“I thought that he was dead already,” recalled Dr. Onilla, who knew right away that she could not treat him in her small clinic.
After examining the neck wound and finding a weak pulse, she saw Jeffrey slowly open his eyes and turn toward her with a pleading look.
“Oh, no, what have they done?” she thought. “Not the King of the Sea!” She told the men to take both Jeffrey and John Reggie to the regional hospital in Laoag City, more than 20 miles away over narrow roads.
“I thought that he wouldn’t make it, but I said ‘just go,’ because it would be unfair not to try,” Dr. Onilla said. “I said they had to bring him to the hospital as fast as possible because he might still have a chance.”
Jeffrey was placed in the backseat of a neighbor’s car with Ginalyn beside him. The driver, Almer Ratuita, knew Jeffrey well. As grand knight of Davila Council 14302 in Pasuquin, Luzon, Almer had recruited Jeffrey to join the Order the previous year.
When Jeffrey tried to speak, blood bubbled from his mouth and oozed out of the wounds on either side of his neck. Almer reached back from the driver’s seat to take his hand, yelling, “Don’t die! Don’t die!”
He felt something in Jeffrey’s palm. It was the rosary he had received when becoming a Knight. Jeffrey had not attended Mass regularly before joining the Order, but afterward he went to Mass every Sunday with his family and wore the rosary around his neck as a sign of his commitment to the Catholic faith.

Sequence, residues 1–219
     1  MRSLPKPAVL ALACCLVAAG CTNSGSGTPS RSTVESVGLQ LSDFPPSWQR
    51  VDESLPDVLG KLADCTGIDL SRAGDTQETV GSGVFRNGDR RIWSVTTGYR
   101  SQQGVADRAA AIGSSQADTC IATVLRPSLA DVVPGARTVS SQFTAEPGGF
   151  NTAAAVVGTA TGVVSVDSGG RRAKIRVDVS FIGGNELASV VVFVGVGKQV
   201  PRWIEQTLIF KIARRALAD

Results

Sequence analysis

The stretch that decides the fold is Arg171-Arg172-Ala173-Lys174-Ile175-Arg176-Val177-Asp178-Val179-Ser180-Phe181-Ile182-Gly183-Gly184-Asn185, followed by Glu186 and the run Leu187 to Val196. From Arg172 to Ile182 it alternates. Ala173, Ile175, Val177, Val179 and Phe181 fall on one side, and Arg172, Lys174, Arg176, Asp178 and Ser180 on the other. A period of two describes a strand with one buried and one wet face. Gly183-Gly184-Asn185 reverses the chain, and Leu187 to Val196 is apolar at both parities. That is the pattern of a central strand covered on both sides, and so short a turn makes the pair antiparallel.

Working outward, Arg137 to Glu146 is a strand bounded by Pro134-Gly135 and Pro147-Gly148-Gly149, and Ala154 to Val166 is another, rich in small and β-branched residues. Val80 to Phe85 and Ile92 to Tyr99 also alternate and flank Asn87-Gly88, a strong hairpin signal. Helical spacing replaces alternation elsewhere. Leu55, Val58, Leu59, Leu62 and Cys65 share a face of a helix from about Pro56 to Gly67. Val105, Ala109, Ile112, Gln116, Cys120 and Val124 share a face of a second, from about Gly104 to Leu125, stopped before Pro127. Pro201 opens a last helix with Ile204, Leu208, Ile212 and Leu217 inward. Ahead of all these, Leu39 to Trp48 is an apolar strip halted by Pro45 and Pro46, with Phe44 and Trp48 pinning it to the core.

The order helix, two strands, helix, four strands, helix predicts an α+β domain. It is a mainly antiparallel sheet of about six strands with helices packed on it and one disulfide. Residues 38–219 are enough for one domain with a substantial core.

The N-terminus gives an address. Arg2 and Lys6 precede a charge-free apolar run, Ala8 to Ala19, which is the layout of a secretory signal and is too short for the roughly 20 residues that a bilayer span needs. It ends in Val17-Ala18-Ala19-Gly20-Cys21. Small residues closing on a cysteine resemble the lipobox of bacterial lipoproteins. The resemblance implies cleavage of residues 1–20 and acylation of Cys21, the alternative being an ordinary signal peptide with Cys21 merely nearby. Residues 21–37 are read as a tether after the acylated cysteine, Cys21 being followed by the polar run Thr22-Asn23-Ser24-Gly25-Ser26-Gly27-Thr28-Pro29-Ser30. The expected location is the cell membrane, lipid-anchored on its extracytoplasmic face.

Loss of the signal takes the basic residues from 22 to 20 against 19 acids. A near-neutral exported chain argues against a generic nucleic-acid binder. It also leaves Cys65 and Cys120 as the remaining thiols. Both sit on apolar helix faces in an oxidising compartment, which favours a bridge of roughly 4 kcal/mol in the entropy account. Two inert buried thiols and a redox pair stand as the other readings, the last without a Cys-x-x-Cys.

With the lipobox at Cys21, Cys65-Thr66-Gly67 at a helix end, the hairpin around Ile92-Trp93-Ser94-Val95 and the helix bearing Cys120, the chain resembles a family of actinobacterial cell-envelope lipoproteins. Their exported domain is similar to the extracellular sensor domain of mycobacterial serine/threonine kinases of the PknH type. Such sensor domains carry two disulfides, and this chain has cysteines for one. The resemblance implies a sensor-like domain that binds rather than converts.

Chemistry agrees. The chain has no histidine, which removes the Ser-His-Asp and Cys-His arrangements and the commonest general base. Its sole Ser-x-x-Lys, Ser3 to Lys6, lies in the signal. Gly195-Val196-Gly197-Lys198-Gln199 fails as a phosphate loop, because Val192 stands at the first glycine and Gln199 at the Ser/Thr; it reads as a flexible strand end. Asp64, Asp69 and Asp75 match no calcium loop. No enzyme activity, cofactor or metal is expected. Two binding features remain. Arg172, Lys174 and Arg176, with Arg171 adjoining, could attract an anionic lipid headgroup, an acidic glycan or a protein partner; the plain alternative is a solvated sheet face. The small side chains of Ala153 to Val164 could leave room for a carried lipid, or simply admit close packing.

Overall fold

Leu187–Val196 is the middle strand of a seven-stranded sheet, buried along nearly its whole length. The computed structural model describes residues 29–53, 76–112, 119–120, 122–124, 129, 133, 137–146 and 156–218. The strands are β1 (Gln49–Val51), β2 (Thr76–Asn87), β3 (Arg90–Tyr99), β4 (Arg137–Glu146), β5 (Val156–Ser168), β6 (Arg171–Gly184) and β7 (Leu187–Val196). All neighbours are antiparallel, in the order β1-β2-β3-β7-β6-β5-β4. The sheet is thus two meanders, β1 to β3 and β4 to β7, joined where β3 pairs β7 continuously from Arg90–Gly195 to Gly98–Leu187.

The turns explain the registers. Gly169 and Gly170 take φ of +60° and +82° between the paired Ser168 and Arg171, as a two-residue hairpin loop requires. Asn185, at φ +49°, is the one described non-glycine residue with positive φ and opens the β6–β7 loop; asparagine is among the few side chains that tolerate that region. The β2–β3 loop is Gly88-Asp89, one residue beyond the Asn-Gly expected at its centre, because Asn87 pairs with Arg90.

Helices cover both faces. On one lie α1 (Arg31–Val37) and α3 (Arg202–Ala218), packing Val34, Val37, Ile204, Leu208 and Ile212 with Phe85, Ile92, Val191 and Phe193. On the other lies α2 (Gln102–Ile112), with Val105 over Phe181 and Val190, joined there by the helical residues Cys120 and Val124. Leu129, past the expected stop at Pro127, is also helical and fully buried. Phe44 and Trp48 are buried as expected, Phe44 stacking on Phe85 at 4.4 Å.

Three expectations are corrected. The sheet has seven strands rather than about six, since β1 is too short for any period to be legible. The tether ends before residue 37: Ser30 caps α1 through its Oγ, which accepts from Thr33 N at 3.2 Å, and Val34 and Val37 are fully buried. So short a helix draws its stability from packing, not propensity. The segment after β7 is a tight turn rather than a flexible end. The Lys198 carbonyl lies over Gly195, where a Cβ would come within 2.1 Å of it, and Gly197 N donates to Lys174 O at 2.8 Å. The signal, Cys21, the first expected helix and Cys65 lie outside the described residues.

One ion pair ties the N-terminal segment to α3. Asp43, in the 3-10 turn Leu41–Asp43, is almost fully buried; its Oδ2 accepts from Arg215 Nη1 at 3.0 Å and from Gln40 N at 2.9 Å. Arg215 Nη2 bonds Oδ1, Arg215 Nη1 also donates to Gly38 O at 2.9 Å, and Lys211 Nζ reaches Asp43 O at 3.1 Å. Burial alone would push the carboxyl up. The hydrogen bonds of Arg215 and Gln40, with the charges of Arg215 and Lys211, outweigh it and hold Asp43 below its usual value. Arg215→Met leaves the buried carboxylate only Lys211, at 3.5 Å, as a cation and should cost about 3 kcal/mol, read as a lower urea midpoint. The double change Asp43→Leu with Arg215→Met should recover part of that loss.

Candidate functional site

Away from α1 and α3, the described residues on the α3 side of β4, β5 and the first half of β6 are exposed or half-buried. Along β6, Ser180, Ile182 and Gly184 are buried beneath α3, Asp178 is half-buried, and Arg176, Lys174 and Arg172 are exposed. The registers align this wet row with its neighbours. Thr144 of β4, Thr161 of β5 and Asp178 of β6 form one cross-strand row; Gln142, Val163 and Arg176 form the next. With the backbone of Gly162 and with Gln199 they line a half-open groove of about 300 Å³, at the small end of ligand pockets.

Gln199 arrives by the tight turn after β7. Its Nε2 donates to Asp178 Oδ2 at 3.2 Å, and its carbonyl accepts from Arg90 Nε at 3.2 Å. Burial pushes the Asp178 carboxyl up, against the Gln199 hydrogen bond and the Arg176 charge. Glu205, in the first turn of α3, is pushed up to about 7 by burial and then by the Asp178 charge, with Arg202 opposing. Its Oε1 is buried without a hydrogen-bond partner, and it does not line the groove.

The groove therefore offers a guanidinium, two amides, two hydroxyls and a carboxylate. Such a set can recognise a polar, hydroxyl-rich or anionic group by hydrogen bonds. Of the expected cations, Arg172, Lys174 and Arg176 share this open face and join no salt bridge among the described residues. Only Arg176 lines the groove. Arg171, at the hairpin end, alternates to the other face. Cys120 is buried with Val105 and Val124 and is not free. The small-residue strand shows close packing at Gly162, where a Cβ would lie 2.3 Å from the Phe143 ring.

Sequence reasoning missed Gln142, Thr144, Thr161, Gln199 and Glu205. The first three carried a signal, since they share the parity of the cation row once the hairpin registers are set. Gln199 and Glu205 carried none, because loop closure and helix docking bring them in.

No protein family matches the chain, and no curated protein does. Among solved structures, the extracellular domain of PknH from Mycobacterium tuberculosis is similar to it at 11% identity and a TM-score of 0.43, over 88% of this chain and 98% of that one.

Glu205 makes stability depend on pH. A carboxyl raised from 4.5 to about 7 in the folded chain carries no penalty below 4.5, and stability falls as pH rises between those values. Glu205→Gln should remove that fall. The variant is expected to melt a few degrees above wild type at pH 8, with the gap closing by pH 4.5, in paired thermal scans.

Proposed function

Almer prayed with passion as he drove. “I challenged the Lord at that time,” he recounted. “I told him, ‘If this man lives, I will surely believe. Show me a miracle!’”
They reached the emergency room in Laoag City by 10:15 p.m. The regional hospital had only one operating table, and the doctors decided to send Jeffrey in an ambulance to a larger medical center in Batac, 8 miles away, while they treated John Reggie. Ginalyn’s brother stayed behind with his nephew and she continued on with Jeffrey, who was drifting in and out of consciousness.
“When we got to Batac, two doctors attended him but were shaking their heads, saying, ‘This is a hopeless case,’” Ginalyn said. “Jeffrey was gasping for air because he was really very weak with the blood loss, yet I told him, ‘Just have faith, fight it out, you’re strong, think of your children — pray.’ He then replied, ‘Yes.’”
She went to the hospital chapel and began praying to Father McGivney “because I know he helps the poor, gives blessings to the poor.”
She also prayed that their pastor from Davila, Father Lester Leonor, would come to be with them — not realizing that Knights from Jeffrey’s council had notified the priest about what had happened.
“Suddenly, Father Lester was there, just like that,” Ginalyn said.